After months of setbacks, ‘Dune’ finally hits the screen, but was it worth the wait?
Hitting the play button on Dune (2021), I was cautiously optimistic. Like many, I was waiting in anticipation for the film’s release amidst frequent release delays. In the end, the film both did and did not disappoint.
Set in the distant future, the Earth is a thing of the past, and our focus is rather the Atreides family as they are shuttled off their home planet and to the desert planet of Arrakis by imperial decree. Arrakis is an unkind planet with no water to be found, yet yielding something called “the spice”, which is a catalyst for economic gain.
Frank Herbert’s 1965 novel weaves together a universe full of diverse planets, people, and their politics creating an expansive story that leaves one wanting more. After reading the novel, I realized that it was a story bursting at the seams for film potential with its band of characters and complex story. However, the film released in 1984 was greatly disappointing, and fans of the novel have been waiting for justice to be done to this beloved sci-fi story.
Filmmaker Denis Villeneuve does this justice in his adaptation, weaving the scant humorous moments in without disruption and fully capturing the desolate scale of Arrakis.
The decision to cut the sheer vastness of the Dune universe is a wise one as such a large universe is difficult to capture on-screen even within the two parts the adaptation is being split into. Even with this, however, the film still remains faithful to the interworking of the story, placing on the screen a story long considered to be unfilmable.
The filmmaker is not the only one who portrays Herbet’s vision on point (?). The actors in the film portray their roles excellently. Timothee Chalamet depicts Paul Atreides’ evolution from arrogance to embracing both Arrakis and his power with grace. Oscar Isaac steps into the role of Paul’s father, exuding the nobility and determination of the character.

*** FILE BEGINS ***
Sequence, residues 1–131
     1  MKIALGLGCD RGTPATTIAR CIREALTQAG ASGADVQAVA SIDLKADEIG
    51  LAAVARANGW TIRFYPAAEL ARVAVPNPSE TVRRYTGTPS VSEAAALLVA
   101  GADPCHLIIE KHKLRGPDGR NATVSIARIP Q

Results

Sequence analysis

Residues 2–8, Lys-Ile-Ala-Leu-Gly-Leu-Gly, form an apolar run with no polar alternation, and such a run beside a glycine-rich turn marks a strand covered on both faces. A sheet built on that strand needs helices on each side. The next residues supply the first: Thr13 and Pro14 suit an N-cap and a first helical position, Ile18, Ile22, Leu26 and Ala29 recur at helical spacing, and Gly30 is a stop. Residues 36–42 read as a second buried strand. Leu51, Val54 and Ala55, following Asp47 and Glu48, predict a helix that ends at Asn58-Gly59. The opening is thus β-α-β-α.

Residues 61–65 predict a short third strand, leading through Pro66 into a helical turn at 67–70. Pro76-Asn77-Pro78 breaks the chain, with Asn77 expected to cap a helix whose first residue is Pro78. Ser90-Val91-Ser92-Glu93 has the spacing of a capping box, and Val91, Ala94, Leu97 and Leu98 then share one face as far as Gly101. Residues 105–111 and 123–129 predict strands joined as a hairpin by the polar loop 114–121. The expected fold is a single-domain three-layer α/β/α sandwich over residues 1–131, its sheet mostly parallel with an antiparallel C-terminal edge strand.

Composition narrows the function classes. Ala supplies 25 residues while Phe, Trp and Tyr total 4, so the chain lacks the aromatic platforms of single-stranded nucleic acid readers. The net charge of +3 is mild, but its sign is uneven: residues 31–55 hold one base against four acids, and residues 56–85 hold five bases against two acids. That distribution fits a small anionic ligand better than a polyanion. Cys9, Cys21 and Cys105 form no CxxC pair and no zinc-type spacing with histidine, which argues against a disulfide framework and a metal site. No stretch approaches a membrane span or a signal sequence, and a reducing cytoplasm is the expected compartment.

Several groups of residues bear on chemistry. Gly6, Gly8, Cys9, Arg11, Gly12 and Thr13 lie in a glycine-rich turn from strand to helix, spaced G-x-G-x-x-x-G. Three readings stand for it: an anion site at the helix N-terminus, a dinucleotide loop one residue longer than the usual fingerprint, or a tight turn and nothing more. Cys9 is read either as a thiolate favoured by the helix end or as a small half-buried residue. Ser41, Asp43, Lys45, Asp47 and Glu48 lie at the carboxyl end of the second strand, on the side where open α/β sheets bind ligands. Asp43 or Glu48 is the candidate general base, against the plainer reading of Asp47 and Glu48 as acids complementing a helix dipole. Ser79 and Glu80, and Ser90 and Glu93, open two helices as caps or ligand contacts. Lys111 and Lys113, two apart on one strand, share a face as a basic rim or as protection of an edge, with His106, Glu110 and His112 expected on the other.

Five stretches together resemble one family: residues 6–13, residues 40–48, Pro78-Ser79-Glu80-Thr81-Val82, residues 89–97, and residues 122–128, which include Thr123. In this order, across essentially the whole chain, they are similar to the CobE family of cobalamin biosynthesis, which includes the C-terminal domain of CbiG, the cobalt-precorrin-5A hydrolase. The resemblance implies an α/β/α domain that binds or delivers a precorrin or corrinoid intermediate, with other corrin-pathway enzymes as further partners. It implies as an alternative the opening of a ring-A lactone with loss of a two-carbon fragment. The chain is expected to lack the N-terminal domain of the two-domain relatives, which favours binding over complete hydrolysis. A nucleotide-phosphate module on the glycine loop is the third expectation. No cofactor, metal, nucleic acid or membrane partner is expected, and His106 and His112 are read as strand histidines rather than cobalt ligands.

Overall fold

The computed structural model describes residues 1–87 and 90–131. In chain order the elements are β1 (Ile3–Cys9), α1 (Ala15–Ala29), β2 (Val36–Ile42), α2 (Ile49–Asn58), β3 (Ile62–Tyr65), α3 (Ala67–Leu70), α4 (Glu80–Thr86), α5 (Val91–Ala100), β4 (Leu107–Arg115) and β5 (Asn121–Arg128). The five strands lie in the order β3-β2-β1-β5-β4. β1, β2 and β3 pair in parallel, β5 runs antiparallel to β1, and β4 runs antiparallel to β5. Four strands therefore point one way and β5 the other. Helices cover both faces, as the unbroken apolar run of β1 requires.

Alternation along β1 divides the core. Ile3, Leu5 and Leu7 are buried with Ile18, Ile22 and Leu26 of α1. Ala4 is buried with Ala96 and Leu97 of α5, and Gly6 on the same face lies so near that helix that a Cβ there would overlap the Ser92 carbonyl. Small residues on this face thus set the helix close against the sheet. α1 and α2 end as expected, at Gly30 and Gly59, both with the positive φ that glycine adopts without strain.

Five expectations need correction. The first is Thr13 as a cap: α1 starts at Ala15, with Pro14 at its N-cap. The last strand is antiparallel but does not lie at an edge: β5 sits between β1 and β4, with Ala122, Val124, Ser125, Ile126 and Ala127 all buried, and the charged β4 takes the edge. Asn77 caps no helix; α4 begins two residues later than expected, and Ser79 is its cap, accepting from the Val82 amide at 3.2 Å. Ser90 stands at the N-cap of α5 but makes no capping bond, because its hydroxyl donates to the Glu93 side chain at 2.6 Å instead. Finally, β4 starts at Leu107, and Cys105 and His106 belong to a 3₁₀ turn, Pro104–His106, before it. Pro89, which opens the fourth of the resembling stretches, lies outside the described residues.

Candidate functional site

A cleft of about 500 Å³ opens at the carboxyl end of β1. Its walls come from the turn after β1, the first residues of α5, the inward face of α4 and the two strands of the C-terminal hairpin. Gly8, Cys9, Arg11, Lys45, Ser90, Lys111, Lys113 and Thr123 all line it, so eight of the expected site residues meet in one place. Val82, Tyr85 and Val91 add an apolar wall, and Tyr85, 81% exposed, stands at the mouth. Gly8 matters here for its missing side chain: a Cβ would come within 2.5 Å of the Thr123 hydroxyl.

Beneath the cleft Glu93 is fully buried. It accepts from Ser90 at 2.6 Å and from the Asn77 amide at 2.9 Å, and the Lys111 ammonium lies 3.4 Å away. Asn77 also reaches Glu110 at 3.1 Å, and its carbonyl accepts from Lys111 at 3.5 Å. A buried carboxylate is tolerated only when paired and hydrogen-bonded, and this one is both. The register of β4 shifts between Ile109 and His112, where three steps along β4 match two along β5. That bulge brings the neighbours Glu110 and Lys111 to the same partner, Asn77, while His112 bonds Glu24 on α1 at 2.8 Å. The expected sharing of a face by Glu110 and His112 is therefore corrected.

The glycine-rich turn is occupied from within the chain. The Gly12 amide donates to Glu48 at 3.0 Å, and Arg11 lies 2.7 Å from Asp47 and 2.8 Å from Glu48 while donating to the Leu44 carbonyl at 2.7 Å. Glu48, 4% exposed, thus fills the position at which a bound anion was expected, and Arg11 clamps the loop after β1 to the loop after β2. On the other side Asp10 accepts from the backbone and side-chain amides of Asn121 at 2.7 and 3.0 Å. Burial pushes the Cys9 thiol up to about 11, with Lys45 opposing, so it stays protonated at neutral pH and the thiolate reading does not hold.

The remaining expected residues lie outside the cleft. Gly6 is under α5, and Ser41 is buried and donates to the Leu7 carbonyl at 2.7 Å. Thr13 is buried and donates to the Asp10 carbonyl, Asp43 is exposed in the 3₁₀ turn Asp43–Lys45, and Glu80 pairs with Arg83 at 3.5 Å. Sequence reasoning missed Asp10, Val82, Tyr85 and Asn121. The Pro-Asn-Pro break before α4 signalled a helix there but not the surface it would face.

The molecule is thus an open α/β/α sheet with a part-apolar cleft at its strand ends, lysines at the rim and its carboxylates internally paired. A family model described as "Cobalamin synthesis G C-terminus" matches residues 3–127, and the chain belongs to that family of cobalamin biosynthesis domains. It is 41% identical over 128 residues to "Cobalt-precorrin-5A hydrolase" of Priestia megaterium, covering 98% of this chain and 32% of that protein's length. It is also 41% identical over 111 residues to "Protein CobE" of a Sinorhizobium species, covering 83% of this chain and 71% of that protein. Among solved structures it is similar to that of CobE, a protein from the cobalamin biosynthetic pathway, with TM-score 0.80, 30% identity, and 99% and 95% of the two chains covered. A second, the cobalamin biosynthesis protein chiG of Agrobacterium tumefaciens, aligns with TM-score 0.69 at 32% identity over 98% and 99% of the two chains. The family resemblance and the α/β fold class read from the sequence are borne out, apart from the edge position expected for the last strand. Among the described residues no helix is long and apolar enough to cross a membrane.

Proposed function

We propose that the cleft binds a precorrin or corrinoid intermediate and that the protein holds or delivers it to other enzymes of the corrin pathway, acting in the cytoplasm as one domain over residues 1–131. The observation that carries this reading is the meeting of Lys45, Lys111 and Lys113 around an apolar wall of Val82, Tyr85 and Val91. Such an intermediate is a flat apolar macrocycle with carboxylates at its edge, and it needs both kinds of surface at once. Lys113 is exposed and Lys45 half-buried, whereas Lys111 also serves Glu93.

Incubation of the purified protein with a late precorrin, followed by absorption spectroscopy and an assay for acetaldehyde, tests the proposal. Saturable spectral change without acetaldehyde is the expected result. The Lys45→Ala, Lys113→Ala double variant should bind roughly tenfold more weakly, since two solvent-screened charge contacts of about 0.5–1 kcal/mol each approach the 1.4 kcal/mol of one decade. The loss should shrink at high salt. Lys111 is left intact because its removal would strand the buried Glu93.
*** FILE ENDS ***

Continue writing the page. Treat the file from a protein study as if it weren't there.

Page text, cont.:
Zendaya does a more than adequate portrayal of Chani in the moments that she gets to act rather than staring off into space in Paul’s dreams, as she does for the majority of the film.
One of the greatest features of this film is its action. The sequences of large-scale action are often character-focused, showing the effects of the events on the characters through facial expression rather than only depicting exploding thopters (their ships) and sinking buildings.
Therefore, the film depicts the impact of the story and why we should care about what is happening very well while also giving an idea of the tragic destruction that occurs throughout the film.
However, the film and its action are hindered by its rating. As a PG-13 film, the audience is not shown the full extent of the violence. I am not a fan of extreme gore and violence, but the novel uses these things to depict both the gravity of the situation and the brutality of their enemies, thus creating fear of the creatures that are hunting down our main characters.
The film gradually builds up as setting up such a large-scale film takes a certain amount of laying the groundwork before taking off into the story, but it is certainly worth the wait. As soon as the story gets off the ground, it doesn’t stop.
With a slow start, long run time, and an end that leaves you wanting more, Dune (2021) is a solid adaptation of the iconic science fiction novel that will leave both fans and people who have never read the novel in high anticipation of the sequel.
This article originally appeared in The Hoofbeat.
Photo credit: imbd.com